Abstract and Keywords
This chapter covers the politics of country music through a variety of different angles. First, it explores country music’s intersections with electoral politics, as candidates have employed country songs or artists in support of their campaigns, or as country artists themselves have run for political office. Second, it looks to the history of political subjects appearing in country songs, from the beginning of hillbilly recording in the 1920s through the debates over the Iraq War in the 2000s. Finally, the article posits a shifting cultural politics of populism that surges through the history of the genre, a tendency of identifying the “nation” and the “people” with the audience for country music. Artists of note who appear in the analysis include Jimmie Davis, the Dixie Chicks, Steve Earle, Merle Haggard, Toby Keith, Willie Nelson, Eck Robertson, and Woody Guthrie.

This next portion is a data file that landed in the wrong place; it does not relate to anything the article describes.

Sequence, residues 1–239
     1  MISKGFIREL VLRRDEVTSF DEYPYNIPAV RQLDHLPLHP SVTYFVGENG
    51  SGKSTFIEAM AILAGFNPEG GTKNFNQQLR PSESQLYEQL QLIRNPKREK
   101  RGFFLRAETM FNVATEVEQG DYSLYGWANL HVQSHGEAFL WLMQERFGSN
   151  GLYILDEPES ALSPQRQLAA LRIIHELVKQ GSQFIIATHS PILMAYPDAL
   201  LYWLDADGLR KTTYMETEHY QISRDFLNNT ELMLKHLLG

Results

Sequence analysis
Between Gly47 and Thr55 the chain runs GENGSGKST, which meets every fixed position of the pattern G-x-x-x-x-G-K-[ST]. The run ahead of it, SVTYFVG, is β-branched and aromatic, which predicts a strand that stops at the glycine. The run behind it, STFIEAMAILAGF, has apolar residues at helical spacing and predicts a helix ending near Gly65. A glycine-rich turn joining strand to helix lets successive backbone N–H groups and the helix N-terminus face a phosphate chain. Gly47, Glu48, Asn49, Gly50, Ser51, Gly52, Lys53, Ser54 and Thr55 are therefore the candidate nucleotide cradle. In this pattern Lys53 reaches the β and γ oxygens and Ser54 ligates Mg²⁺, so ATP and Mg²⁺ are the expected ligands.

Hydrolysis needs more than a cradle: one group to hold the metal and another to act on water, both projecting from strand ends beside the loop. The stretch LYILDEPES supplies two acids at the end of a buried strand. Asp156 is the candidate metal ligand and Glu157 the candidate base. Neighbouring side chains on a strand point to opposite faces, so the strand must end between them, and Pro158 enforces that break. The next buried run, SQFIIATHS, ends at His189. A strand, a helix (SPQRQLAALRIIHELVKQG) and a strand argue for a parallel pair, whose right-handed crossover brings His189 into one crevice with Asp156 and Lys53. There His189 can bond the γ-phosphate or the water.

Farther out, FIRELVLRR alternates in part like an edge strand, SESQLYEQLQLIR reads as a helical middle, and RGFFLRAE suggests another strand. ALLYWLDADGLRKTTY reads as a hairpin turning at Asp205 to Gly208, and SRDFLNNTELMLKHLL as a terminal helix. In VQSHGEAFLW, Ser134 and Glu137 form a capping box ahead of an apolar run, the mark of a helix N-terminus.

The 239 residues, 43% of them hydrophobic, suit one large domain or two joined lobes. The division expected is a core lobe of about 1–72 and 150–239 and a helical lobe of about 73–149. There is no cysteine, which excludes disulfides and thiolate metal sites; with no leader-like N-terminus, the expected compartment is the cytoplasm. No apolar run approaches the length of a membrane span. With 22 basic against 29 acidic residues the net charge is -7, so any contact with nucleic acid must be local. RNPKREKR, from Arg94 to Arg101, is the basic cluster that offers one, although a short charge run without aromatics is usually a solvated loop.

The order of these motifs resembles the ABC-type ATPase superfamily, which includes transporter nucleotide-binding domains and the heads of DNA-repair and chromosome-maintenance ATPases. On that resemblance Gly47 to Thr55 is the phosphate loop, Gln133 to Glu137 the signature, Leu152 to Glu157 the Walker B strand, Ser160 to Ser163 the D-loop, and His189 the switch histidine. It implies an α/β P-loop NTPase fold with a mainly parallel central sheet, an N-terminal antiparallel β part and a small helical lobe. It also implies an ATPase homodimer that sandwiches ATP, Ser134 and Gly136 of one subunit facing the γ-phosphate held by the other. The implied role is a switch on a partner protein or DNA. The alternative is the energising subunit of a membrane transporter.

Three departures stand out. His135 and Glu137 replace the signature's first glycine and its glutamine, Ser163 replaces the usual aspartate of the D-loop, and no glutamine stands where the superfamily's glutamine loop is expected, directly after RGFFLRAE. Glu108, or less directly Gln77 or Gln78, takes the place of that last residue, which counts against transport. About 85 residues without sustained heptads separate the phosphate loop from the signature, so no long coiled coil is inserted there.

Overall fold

Access to the complete content on Oxford Handbooks Online requires a subscription or purchase. Public users are able to search the site and view the abstracts and keywords for each book and chapter without a subscription.
If you have purchased a print title that contains an access token, please see the token for information about how to register your code.